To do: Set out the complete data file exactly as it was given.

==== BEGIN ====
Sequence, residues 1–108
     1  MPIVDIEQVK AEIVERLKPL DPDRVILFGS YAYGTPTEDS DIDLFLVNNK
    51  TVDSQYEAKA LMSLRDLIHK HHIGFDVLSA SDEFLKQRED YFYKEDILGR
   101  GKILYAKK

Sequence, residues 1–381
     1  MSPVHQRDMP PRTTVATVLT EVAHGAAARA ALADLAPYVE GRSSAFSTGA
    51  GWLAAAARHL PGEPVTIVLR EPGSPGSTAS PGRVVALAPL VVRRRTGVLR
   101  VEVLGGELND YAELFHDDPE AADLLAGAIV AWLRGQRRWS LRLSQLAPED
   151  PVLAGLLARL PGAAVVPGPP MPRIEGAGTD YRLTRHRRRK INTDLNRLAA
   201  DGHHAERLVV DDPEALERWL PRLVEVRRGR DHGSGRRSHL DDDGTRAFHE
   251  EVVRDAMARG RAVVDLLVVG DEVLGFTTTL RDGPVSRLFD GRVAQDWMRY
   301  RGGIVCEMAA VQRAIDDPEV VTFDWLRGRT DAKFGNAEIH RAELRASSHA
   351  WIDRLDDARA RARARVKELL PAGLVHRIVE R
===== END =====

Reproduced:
Sequence, residues 1–108
     1  MPIVDIEQVK AEIVERLKPL DPDRVILFGS YAYGTPTEDS DIDLFLVNNK
    51  TVDSQYEAKA LMSLRDLIHK HHIGFDVLSA SDEFLKQRED YFYKEDILGR
   101  GKILYAKK

Sequence, residues 1–381
     1  MSPVHQRDMP PRTTVATVLT EVAHGAAARA ALADLAPYVE GRSSAFSTGA
    51  GWLAAAARHL PGEPVTIVLR EPGSPGSTAS PGRVVALAPL VVRRRTGVLR
   101  VEVLGGELND YAELFHDDPE AADLLAGAIV AWLRGQRRWS LRLSQLAPED
   151  PVLAGLLARL PGAAVVPGPP MPRIEGAGTD YRLTRHRRRK INTDLNRLAA
   201  DGHHAERLVV DDPEALERWL PRLVEVRRGR DHGSGRRSHL DDDGTRAFHE
   251  EVVRDAMARG RAVVDLLVVG DEVLGFTTTL RDGPVSRLFD GRVAQDWMRY
   301  RGGIVCEMAA VQRAIDDPEV VTFDWLRGRT DAKFGNAEIH RAELRASSHA
   351  WIDRLDDARA RARARVKELL PAGLVHRIVE R